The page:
• Scalability: Cardano can process more than 250 transactions per second (TPS), making it much faster than Bitcoin and Ethereum 1.0.
  • Energy Efficiency: Cardano is 1.6 million times more energy-efficient than Bitcoin.
  • Peer-Reviewed Network: Cardano's development is guided by academic research and a formal development model, ensuring its evolution beyond its parent organization.

Overall, Cardano is designed to provide a highly scalable, secure, and energy-efficient blockchain platform for running smart contracts and decentralized applications.

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Cardano's strengths

Cardano (ADA) has several strengths that set it apart from other cryptocurrencies:

  1. Research-Based Development: Cardano emphasizes a methodical, peer-reviewed approach to development, often partnering with academics. This aims to instill a higher level of reliability and long-term sustainability.

  2. Scalability Focus: Cardano is designed with scalability in mind. Technologies like Ouroboros Hydra (layer 2 solution) promise to enable high transaction throughput necessary for mass adoption.

  3. Energy Efficiency: Cardano's Proof-of-Stake consensus mechanism (Ouroboros) is inherently far less energy-intensive than Bitcoin's Proof-of-Work, making it an environmentally conscious choice.

  1. Strong Community: Cardano has a dedicated community of supporters, developers, and enthusiasts, which can be a driving force in its evolution.

  2. Governance Ambitions: The Voltaire era aims to implement on-chain governance, giving ADA holders a greater role in shaping the project's future.

  3. Environmental Advantage: Cardano is one of the most energy-efficient blockchain systems, being 1.6 million times more energy-efficient than Bitcoin.

  1. Faster Transactions: Cardano can process more than 250 transactions per second (TPS), making it much faster than Bitcoin and Ethereum 1.0.

  2. Peer-Reviewed Network: Cardano's development is guided by academic research and a formal development model, ensuring its evolution beyond its parent organization.

These strengths position Cardano as a sustainable and scalable blockchain platform with a strong focus on research and community involvement.

Cardano's risks

Cardano (ADA) carries several risks, including:

  1. Market Competition: Cardano faces stiff competition from more established blockchain platforms like Ethereum, which have a longer history of use and more developer uptake. This competition can make it difficult for Cardano to gain significant market share.

  2. Risk of Being Too Late to Market: Cardano's slow progress in certain areas puts it at risk of being too late to market, which could make it harder to penetrate Ethereum's lead.

  3. High-Risk Investment: Cardano is considered a high-risk investment due to the volatility of the cryptocurrency market. Investors should be cautious and only invest what they are comfortable losing.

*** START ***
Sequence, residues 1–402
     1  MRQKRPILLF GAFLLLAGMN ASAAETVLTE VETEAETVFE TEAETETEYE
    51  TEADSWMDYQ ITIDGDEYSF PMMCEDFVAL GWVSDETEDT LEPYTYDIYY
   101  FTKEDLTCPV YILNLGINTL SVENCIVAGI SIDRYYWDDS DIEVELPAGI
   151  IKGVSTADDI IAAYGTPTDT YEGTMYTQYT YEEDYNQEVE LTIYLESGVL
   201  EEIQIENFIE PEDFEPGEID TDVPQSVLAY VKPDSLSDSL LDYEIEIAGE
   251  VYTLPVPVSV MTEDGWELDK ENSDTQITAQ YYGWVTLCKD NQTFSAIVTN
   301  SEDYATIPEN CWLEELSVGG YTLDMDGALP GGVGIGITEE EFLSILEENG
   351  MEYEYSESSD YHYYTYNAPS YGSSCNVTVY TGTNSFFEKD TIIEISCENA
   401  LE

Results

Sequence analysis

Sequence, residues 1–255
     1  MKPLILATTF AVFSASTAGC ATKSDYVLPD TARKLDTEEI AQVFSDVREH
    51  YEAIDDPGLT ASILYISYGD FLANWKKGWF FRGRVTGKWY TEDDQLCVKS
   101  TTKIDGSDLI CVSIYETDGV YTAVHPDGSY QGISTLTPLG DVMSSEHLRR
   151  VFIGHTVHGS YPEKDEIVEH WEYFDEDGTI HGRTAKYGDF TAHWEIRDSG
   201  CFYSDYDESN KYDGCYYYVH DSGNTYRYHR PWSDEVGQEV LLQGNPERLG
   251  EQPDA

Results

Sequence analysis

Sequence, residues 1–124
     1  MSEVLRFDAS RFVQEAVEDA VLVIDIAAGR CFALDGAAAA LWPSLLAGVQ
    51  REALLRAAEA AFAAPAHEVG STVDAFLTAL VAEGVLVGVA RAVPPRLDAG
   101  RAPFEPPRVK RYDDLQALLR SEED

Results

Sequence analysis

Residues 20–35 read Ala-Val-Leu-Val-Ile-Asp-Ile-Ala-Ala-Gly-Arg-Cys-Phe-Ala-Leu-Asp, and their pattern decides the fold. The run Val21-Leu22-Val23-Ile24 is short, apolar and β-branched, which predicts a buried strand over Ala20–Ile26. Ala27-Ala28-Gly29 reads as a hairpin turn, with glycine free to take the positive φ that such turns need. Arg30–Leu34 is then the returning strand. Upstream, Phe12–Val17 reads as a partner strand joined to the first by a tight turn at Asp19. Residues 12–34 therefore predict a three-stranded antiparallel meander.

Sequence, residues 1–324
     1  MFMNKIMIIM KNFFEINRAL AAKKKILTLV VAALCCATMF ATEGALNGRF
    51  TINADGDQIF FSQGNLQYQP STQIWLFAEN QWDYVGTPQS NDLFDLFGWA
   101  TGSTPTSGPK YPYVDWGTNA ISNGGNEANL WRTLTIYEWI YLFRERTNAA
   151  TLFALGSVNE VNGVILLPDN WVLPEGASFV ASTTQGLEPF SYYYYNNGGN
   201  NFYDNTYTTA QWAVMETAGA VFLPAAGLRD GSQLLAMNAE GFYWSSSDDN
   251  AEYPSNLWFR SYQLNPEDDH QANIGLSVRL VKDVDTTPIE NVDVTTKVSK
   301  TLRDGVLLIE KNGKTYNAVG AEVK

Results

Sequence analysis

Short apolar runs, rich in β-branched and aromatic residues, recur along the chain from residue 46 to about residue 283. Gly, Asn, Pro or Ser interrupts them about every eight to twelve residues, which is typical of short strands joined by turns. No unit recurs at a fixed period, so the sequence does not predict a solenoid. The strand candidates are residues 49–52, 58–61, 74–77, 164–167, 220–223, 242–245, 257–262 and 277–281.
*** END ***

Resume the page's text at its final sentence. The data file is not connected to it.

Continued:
1. Staking Risks: While staking ADA does not involve handing over control of the ADA to someone else, there are still risks associated with staking. For instance, if a staking pool is hacked or becomes saturated, the rewards may be affected. Additionally, there is a risk of losing private keys, which could result in the loss of ADA.

  2. Regulatory Uncertainty: The regulatory environment for cryptocurrencies is still evolving and can be unpredictable. Changes in regulations could negatively impact Cardano's value and usability.

  3. Technical Risks: Cardano's development is guided by academic research and a formal development model. However, technical issues or bugs in the code could still arise, potentially affecting the network's stability and security.

  1. Risk of Manipulation: Cardano's risk score indicates that it is a relatively moderate risk investment. This means that the price could potentially be manipulated by limited trading activity, which could result in significant price swings.

Overall, while Cardano has several advantages, such as its energy efficiency and scalability, it also carries significant risks that investors should carefully consider before investing.

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Did Cardano raise funds?

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Cardano’s team

  • Cardano Foundation Team: The team includes developers, communicators, administrators, and strategists working together to advance Cardano as a public infrastructure. Key members include Frederik Gregaard (CEO), Cynthia Yang (Head of Regulatory), and others.
  • IOHK Team: Led by Charles Hoskinson, IOHK is responsible for building the Cardano blockchain. Key members include Jeremy Wood, Aggelos Kiayias, and others.
  • Emurgo Team: Emurgo is focused on commercial applications of Cardano. Key members include Romain Pellerin, Jeff Pollack, and others.
  • Cardano Development Team: This team includes Frank Gosselink (CEO), Joost Zuidberg (CEO), Tamara Monzon (Interim COO), and others.